This article is Part II of a series. Read Part I here 

Too Big to Fail?

In May this year, many parts of Nigeria experienced a severe shortage of petroleum products. It was later revealed that this artificial scarcity was caused by oil marketers withholding cargo at the port and refusing to fulfil their future import obligations. Their gripe was based on a contentious subsidy payment of roughly ₦159 million that the Federal Government (FG) had supposedly reneged on. Although there were a number of other agents involved, the crisis was basically a stand off between the Major Oil Marketers Association of Nigeria (MOMAN) and the FG.

There is a Swahili proverb that says, ‘When two elephants fight, the ground suffers’. This is apt in this case as the masses felt the full brunt of the clash. Unfortunately, another appropriate adage here is one from the last global recession – “Too big to fail”. The argument goes that multinational banks had an incentive problem as they knew that whatever losses accrued from their risky behavior would be covered by central banks anxious to protect a fragile economic system. A similar accusation could be levied against both MOMAN and the FG. Both potentially have an incentive to adopt a tough negotiating stance and bluff as they are aware the other party must factor in the cost to civilians if they do not back down.

Posturing and Bluffing

The FG has the resources to use such a tactic, and previous administrations have shown the level of recklessness and disdain for the people that would be required for such a tactic. Furthermore, the crisis occurred at a critical time. Such posturing could be advantageous for an outgoing administration anxious about its legacy - back down too quickly and the new government would judge them for giving in to extortion but hold out long enough before acquiescing and look like the reasonable mediator that saved the day. Again, such thinking is not beyond the Nigerian government.

An even more compelling case can be made against the oil marketers. They would be acting well within their rights in chasing their own interests even if ordinary citizens have to suffer the consequences. Yet you must consider whether such behavior is profit maximizing for them. Given the amount at stake it would definitely seem so yet the Executive Secretary of MOMAN, Thomas Olawore reported that they moved to end the strike because of their cost structure. If true, this reduces the likelihood that holding the FG to ransom was a profitable strategy for them. Finance Minister Mrs Okonjo-Iweala accused the group of blackmail and wanting Nigerians to suffer while speaking on whether the issue would be resolved. In doing so, she implicitly invoked the argument laid out here and yet no real conclusions can be drawn from an act that again indicates political posturing.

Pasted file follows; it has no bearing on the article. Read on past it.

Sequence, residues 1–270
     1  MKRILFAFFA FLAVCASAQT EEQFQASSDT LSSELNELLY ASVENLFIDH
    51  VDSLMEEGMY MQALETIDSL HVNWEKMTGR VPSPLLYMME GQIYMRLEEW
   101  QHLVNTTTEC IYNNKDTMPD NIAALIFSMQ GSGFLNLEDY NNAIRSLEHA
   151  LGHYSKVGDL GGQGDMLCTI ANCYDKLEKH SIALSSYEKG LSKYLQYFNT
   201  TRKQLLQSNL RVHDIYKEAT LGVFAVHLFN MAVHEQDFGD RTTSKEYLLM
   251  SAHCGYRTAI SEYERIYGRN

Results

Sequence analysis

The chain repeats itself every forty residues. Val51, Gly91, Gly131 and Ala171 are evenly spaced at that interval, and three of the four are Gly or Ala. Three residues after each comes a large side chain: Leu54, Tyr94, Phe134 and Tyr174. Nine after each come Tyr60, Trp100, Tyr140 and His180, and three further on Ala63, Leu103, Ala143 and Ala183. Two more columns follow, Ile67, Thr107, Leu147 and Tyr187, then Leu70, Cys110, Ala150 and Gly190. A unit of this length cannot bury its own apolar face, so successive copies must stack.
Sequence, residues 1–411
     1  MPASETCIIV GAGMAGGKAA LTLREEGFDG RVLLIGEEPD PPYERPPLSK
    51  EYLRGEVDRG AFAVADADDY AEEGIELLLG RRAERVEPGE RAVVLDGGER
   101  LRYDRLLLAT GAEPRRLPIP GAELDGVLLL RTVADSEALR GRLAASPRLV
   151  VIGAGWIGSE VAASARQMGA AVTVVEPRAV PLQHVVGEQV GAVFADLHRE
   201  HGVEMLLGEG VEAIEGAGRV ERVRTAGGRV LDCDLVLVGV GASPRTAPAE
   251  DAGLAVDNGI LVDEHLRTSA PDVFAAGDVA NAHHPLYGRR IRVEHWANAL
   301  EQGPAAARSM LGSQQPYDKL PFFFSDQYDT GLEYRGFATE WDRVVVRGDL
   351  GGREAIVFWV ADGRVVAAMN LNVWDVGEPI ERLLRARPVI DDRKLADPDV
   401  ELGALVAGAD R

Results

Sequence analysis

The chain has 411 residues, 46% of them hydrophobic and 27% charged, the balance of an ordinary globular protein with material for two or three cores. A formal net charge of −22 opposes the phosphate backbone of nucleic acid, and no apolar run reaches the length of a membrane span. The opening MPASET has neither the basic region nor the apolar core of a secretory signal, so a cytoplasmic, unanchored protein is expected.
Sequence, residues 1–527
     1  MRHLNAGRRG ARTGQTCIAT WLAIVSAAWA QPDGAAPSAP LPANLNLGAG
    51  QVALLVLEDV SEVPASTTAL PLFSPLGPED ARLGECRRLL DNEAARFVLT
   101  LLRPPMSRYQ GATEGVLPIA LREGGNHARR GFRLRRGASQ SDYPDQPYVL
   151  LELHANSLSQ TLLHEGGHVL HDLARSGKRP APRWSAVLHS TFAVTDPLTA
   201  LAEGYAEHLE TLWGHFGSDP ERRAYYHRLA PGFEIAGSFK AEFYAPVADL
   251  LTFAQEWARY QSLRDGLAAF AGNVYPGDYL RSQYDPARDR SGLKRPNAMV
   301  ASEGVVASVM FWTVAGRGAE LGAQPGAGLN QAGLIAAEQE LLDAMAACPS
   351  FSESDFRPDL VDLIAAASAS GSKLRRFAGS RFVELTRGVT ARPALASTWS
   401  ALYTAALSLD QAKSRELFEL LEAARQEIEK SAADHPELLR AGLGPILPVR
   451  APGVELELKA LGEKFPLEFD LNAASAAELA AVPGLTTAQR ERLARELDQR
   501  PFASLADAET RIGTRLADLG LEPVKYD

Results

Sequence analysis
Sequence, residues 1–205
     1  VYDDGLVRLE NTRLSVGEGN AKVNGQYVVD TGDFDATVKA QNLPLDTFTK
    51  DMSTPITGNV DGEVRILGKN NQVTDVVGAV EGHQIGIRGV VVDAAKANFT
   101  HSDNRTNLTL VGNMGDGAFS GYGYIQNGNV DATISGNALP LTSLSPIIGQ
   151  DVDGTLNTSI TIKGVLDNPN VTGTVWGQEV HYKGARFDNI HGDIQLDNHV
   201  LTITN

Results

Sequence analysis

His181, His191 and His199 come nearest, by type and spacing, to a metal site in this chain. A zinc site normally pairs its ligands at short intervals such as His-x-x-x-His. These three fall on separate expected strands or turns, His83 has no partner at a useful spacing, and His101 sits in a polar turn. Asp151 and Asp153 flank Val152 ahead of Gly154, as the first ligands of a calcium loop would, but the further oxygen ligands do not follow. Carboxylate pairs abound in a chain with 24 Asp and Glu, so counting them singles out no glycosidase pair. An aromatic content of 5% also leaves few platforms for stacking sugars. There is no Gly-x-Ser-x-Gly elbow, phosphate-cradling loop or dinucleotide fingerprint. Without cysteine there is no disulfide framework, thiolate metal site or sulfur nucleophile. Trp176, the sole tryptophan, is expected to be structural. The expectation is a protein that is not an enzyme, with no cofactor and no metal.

The Problem of Transparency

Both parties taking credit for the temporary resolution of the situation is indicative of the lack of transparency in how the FG handles this sector. This was worsened by the notable absence of FG officials speaking publicly about the crisis at the time and subsequent reports that the Nigerian National Petroleum Corporation (NNPC) had 1 billion litres of fuel that could last 24 days. To top it off, Okonjo-Iweala explained the discrepancy between the claims of the FG and MOMAN as resulting from exchange rate differentials. At best, this is a baffling excuse as it is difficult to see why such a vital contract would not stipulate the exchange rate that would be used (for example, a fixed rate from the day the agreement is made) and why the FG could not hedge this by taking up the opposite position elsewhere*. More likely, it is a simple decoy to placate disgruntled citizens.

It is a rather somber thought to imagine the people as mere pawns in a game of chicken between the FG and MOMAN. The arguments outlined here are difficult to verify without more transparency in this sector. While the subsidy regime is in place, the contract between the FG and MOMAN needs to be subject to closer scrutiny as this will not only reduce the likelihood of future crises but also reduce the prevalence of fraud in the sector. The gradual movement of the Petroleum Industry Bill (PIB) through the legislative process is a welcome step in the right direction.

*The economics behind hedging of international trade contracts can be explored here.

This article is Part II of a series. Read Part III here 


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